Saturday, February 22, 2014

Colorado FROM My Mind

Colorado From My Mind

In the fall of 2012 friend Carolyn and I took a Quilting Adventures workshop with quilt artist Sue Benner.  We had a wonderful time, enjoyed the other art quilters, and loved being in a class with such an accomplished artist.  She was teaching a class called "Sewing the Land:  Fused, Collaged, and Quilted Landscapes."  Sue's quilts were spectacular, assembled from a myriad of strips of all sorts of fabrics--cottons, silks, even polyesters.  She encouraged recycling fabrics by buying clothes from thrift stores and cutting them up to use in quilts.  (Shades of our grandmothers!)

For some reason I had a very difficult time "pulling off" this method.  In my quilt above, the SKY is the only section of the quilt that employs the true "Sue Benner" technique that she was teaching in that class.  After that, I confess I abandoned the strips and assembled my quilt as I have done in the past with other scenic quilts, cutting larger pieces of fabric that corresponded roughly to the elements in a photo.

When I came home over a year ago, I was not happy with my quilt, so I rolled it up, stashed it in a closet, and really forgot about it.  Recently, however, I ran across this quilt.  When I pinned it up on my design wall, I saw it with different eyes.  I could see that it had real potential!  So I kept three-quarters of the quilt, substituting, however, the four fabric shapes that you can see at the bottom for other fabrics that seemed out of place to me.

Today, having just finished my March 15th Material Mavens quilt, I was ready to start a new project, so I got back to work on this one.  I completed the fusing, squared it up, and then began free motion quilting.  Now, I am not comfortable free-motioning, not at all, but I am determined to get better at this technique.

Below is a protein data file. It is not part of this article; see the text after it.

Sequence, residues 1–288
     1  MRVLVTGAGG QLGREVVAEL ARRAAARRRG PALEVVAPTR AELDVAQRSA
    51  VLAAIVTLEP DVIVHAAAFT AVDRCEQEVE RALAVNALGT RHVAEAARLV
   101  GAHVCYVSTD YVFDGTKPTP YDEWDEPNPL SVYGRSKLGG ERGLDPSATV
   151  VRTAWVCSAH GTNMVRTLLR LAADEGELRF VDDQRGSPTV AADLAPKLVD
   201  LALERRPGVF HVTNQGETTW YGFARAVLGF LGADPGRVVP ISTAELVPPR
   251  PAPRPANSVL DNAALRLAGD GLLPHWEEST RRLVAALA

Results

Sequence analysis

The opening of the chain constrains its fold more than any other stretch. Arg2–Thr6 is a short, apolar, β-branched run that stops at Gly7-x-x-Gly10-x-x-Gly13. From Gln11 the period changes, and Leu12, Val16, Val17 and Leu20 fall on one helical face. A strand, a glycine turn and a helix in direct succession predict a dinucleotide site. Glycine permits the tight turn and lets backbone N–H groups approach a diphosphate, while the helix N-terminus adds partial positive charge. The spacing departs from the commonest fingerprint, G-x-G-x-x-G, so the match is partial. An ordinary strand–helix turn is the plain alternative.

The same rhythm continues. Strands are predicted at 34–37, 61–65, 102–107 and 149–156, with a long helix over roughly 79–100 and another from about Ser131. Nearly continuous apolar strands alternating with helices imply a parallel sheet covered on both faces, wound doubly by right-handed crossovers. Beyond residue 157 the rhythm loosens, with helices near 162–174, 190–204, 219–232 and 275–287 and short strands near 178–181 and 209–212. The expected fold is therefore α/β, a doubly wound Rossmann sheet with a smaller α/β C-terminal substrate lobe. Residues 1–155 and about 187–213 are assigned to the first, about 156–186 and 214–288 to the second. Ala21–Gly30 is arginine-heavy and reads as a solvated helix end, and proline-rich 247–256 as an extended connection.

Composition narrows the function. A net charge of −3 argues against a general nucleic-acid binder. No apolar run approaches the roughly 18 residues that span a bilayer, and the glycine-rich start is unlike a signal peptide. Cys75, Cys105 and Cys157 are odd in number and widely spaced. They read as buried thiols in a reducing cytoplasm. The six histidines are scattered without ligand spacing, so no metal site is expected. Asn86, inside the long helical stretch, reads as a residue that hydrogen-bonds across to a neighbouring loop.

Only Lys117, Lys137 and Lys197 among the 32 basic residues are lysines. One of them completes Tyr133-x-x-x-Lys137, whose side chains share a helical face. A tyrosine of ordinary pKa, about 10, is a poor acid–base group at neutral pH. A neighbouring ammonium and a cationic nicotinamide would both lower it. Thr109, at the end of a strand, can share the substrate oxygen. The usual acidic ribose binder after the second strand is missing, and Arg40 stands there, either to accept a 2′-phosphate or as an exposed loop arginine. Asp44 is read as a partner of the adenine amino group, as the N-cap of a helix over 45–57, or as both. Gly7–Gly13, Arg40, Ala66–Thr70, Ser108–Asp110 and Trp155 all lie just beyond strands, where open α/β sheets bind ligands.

One of my many quilting books suggested using a Superior Threads monofilament thread called Mono.Poly, which I had recently purchased.  Too, it suggested the size needle to use (#10), leaving feed dogs up, and putting the length and width of the stitch at 0.  I did all of this.  I have to admit that leaving those "dogs" up gave me a sense of more control and seemed to work for me as well or better than lowering them.  I followed the contours of the land forms--the mountains, the foreground, etc.--and then followed the contours of the myriad of shapes used in the sky.

I am calling this quilt "Colorado from my Mind" because though this quilt began as one based on a photo taken in Colorado, the new additions were not based on that photo and came totally from my imagination.

This quilt is not yet bound. I am contemplating using Benner's method of multiple zig-zag stitching along the edges, or I might bind it conventionally.  For now, I am happy looking at it pinned to my wall, almost but not quite complete!

Close-up of the free motion quilting.  Not perfect, but I am proud of myself for quilting an entire quilt in this manner for the first time--except for the small 12"x12" quilts I make for the Material Mavens group.  Now if only I can make myself practice this stitching daily!


  1. This is a lovely quilt. I can't see why you didn't like it. I love to free motion quilt and do it almost daily. Feed dogs up or down...I usually use colorful rayon thread, but monopoly is good until you feel more comfortable. It is all about practice and establishing a rhythm between moving the fabric and speed of the machine. I used to put my machine on half speed. It also gave me a sense of control.

  2. Good pointers, Jane! I really vastly prefer colored thread, but since this was a learning project, I thought it safer to use the monofilament. I don't care for its shiny look, though; I ought to have used smoke-colored!

  3. I don't know much about all your techniques, but I love CO and I love this quilt - especially the details of the sky.

  4. I really love this one, Alice. It almost looks like a photograph to me . The name fits perfectly, too.

  5. Amazing what a little time and perspective can make. How rewarding that you could see the potential in this quilt and want to "go back in" and finish it.
    Sky is mesmerizing as I can "see" the clouds moving behind the mountain.

  6. I agree with Andrea. I love the sweep, even movement for the eye, of the mountains and the actiion in the sky. I also am amazed at the distance of a single day can make in perspective and appreciation of a piece one has worked hard on. I love Jane's experience and advice as well. I think you will be glad you changed your mind to try free motion quilting again. The rewards are great!

  7. Well Alice!!! Sue would be very proud of you. I love the way this turned out. It is really one of my favorites of all of your quilts - well, I like all of yours! Great job with the free motion quilting. I think you should send it to Sue!